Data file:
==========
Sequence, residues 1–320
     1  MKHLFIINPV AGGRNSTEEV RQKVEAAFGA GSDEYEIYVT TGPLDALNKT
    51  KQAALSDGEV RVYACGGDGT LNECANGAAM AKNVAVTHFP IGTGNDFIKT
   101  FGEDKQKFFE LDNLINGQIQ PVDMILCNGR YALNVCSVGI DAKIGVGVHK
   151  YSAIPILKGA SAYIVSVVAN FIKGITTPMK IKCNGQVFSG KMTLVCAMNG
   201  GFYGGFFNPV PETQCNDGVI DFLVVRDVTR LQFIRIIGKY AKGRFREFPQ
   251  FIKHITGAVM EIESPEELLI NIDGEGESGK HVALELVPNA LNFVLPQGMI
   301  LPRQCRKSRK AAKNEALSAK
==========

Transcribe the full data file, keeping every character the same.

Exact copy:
Sequence, residues 1–320
     1  MKHLFIINPV AGGRNSTEEV RQKVEAAFGA GSDEYEIYVT TGPLDALNKT
    51  KQAALSDGEV RVYACGGDGT LNECANGAAM AKNVAVTHFP IGTGNDFIKT
   101  FGEDKQKFFE LDNLINGQIQ PVDMILCNGR YALNVCSVGI DAKIGVGVHK
   151  YSAIPILKGA SAYIVSVVAN FIKGITTPMK IKCNGQVFSG KMTLVCAMNG
   201  GFYGGFFNPV PETQCNDGVI DFLVVRDVTR LQFIRIIGKY AKGRFREFPQ
   251  FIKHITGAVM EIESPEELLI NIDGEGESGK HVALELVPNA LNFVLPQGMI
   301  LPRQCRKSRK AAKNEALSAK